Spotting

It can be a little scary when you notice traces of blood between periods, especially if your cycle is pretty regular.

But there’s no need to panic. ‘Spotting’ can occur for a number of reasons, and most of them are harmless. But you should still get yourself checked out by your doctor. Just to be on the safe side.

So, what causes spotting? Well, it can be a variety of things. Ovulation (when one of your ovaries releases an egg), implantation (when an egg attaches itself to your uterine lining), hormonal fluctuations, using or quitting contraceptives or the use of an IUD (intrauterine device, or ‘coil’) could all be responsible.

Other causes are vaginal infections or chlamydia. It can also be a sign that you’re pregnant, and while spotting doesn’t always mean there is a problem with the pregnancy, it definitely needs to be checked out. Post-sex spotting can also – very occasionally – be a sign of cervical or vaginal cancer [1], so it’s important to have a smear test to check the health of your cervix.

When you first start your periods it can sometimes take years for them to fall into a regular pattern, so this may mean you experience spotting in the meantime. And when approaching the menopause, your periods can become irregular and unpredictable, leading to harmless spotting. Any post-menopausal spotting, however, is a reason for concern.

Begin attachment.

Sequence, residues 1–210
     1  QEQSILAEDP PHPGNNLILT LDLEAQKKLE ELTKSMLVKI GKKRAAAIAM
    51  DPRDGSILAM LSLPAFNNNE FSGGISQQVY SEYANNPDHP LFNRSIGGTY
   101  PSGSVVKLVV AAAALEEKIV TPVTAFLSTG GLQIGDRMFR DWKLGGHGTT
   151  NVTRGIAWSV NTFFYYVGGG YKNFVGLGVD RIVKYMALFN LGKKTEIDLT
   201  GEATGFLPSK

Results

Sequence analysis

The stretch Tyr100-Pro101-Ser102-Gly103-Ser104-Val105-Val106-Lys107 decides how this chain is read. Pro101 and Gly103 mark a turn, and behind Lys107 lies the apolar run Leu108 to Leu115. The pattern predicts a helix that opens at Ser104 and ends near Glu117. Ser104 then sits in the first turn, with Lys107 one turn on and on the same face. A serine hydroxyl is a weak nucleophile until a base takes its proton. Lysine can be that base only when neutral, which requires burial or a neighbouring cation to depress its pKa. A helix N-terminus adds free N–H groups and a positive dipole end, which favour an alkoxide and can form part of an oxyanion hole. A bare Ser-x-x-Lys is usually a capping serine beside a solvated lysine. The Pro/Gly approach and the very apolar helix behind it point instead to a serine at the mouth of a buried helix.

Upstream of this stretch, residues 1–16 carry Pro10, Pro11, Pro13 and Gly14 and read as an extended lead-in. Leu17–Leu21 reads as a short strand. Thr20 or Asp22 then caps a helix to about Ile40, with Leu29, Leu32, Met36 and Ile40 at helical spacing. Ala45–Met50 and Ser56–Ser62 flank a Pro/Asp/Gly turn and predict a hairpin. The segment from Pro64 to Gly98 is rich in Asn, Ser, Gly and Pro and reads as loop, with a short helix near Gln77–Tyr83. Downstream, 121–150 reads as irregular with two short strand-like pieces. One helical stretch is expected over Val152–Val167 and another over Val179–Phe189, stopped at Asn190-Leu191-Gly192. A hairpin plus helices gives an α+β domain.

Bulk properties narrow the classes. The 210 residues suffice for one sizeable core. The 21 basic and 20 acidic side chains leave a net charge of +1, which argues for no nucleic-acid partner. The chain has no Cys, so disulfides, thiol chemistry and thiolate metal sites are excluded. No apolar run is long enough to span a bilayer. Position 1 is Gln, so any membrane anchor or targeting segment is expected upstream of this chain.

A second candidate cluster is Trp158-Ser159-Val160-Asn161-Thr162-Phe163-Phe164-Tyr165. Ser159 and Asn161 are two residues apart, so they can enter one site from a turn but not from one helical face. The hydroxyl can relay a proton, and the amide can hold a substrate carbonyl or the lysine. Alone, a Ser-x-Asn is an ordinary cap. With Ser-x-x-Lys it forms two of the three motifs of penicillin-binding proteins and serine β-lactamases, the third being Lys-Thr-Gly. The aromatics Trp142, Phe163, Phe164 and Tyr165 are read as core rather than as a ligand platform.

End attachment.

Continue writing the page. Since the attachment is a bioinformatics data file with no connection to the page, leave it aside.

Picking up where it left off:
So those are the causes, but what can you do about spotting? Well, once you’ve worked out why it’s happening, use a liner (such as Bodyform's DailyFresh) to protect your clothing and also keep some handy in case the spotting recurs. Stay comfortable and clean by showering twice a day and wearing fresh underwear afterwards. And then just get on with whatever you’re doing.

Did you know?

30%
of pregnant women experience spotting in their first trimester [2]
25%
of women experience implantation bleeding [3]
2-3
number of months it can take for your periods to regulate after stopping birth control [4]

Medical disclaimer

The medical information in this article is provided as an information resource only, and is not to be used or relied on for any diagnostic or treatment purposes. Please consult your doctor for guidance about a specific medical condition.

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